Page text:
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Stirred but not shaken

Discussion in 'Cookery' started by modelmaker, Nov 5, 2011.

  1. modelmaker

    modelmaker Occasional commenter

    A reading of Keith Floyd's autoboigraphy was serialised this week on R4 extra. I've just listened to it on the iplayer where I imagine it only remain for a short time. Each episode lasts around 15 minutes, so if you were a fan, you might want to catch it while you can.

     
  2. modelmaker

    modelmaker Occasional commenter

    A reading of Keith Floyd's autoboigraphy was serialised this week on R4 extra. I've just listened to it on the iplayer where I imagine it only remain for a short time. Each episode lasts around 15 minutes, so if you were a fan, you might want to catch it while you can.

     
  3. nick909

    nick909 Star commenter

    Thanks for the heads-up, MM. I'm a huge fan of Floyd, even though it seems he was a bitter and unpleasant man in real life, so I'd be interested to see how he saw things.
     
  4. modelmaker

    modelmaker Occasional commenter

    I have the impression he was a victim of his success. All his business ventures ended in failure, because of his love for food and good company took his eye off the ball when it came to making a profit from it. I read somewhere that he was exceedingly generous with the bar for customers who complimented him about his spirit for food and engaged him in conversation after their meals.
    He tells us that his career wasn't condusive to having a happy life. There was a catalogue of failed marriages and trusting the wrong people.
    He tells us that it's a lonely life on the road as a gastromomic food presenter that led to his alcohol addiction.
    He speaks a little about his frustration at the incompetence of the crew members who worked on the various series, most of which was done in a single take.
    I'm also a huge fan of Floyd. He was the first real celebrity chef and inspired many people, me included, to look at food as more than just sustainance. Every food programme since his TV career began owes a debt to his unique style.

     
  5. Overrated.
    Sorry, he left and leaves me cold.
    He never enthused me.
    Delia did.
    Even Jamie has done.
    But Floyd never did.
    But if anyone (apart from my family) made cooking something I wanted to be able to do - it was Delia.
    Her voice can annoy you to death, but I am of an age where you hadn't heard her voice...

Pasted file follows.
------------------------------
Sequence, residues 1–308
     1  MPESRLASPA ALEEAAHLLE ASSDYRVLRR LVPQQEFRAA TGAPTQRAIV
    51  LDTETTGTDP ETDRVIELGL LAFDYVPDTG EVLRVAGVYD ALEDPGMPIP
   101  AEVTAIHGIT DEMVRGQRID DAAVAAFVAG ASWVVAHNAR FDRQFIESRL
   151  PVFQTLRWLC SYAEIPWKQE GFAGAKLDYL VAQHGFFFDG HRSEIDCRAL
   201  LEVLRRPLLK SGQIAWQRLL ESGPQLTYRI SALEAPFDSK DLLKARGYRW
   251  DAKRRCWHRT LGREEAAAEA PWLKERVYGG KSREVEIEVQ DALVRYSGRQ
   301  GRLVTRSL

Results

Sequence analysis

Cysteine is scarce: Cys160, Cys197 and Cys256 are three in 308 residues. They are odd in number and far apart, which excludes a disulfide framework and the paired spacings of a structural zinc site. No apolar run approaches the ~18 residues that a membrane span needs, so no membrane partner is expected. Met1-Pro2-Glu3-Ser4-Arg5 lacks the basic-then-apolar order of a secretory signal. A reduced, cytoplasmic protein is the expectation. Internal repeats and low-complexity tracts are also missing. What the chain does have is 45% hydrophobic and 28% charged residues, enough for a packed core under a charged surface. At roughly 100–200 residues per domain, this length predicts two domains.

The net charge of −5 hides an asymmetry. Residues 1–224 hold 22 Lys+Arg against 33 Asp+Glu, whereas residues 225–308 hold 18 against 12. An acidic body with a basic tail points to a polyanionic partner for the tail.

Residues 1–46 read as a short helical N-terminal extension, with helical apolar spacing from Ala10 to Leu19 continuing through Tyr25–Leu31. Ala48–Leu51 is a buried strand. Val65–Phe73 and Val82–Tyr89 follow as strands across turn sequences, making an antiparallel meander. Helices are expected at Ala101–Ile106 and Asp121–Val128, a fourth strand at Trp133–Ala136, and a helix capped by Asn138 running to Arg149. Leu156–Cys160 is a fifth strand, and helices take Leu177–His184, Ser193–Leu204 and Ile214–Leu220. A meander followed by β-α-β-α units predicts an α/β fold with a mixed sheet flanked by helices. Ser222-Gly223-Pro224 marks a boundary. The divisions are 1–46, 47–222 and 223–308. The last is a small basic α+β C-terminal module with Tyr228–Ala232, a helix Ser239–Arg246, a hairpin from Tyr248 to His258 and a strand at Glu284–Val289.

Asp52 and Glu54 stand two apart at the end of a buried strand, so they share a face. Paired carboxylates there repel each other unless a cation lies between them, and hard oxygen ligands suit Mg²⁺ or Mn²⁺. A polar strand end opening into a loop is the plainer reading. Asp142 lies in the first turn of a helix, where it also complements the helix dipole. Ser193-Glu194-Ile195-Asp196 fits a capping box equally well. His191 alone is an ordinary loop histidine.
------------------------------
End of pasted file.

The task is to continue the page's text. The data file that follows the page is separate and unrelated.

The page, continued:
After Mrs. Beaton, she was the one who rocked...
    Men do firework stuff, women cook.
     
  6. modelmaker

    modelmaker Occasional commenter

    I'm sure Delia has her place in the TV cookery hall of fame, but she didn't do anything a decent mother wouldn't have taught her kids. Did the nation honestly need to learn how to boil an egg? Did it honestly need to be told that Aunt Bessie's frozen mash can be used as a topping for shepherd's pie so you've got more time to attend to either ironing or womens' liberation issues?
    I'm glad you've returned, celtic. I'd almost lost the will to live without a decent arguement over food.
     
  7. Obviously yes. Only Jamie since (and this is why I will not condemn him, even though I think his recipies are naff)...has done so. There STILL is a need.
    The rest - sazzy, sezy, stick your finger in and lick it with a wink - that is not learning to cook Nobody has taught as Mother did as Delia did. And after Delia - even though I don't like his stuff - Jamie. Cos both of them were concerbed about FEEDING YOUR FAMILY AND PUTTING DECENT GRUB ON THE TABLE.
    Not about how chic to be.
     
  8. [​IMG]
    What would we do without one another?
     
  9. I remember Graham Kerr! i checked out his website and he is still alive and cooking in the US. he was one of the first TV celebrities in NZ. Alison Holst did cooking shows for years and was very similar to Delia I think. (I haven't seen a lot of Delia.) She did sensible family cooking.
    I admire Jamie's energy especially in the early series. fannie sounds interesting -ballgown and all that. I haven't heard of Floyd.
     

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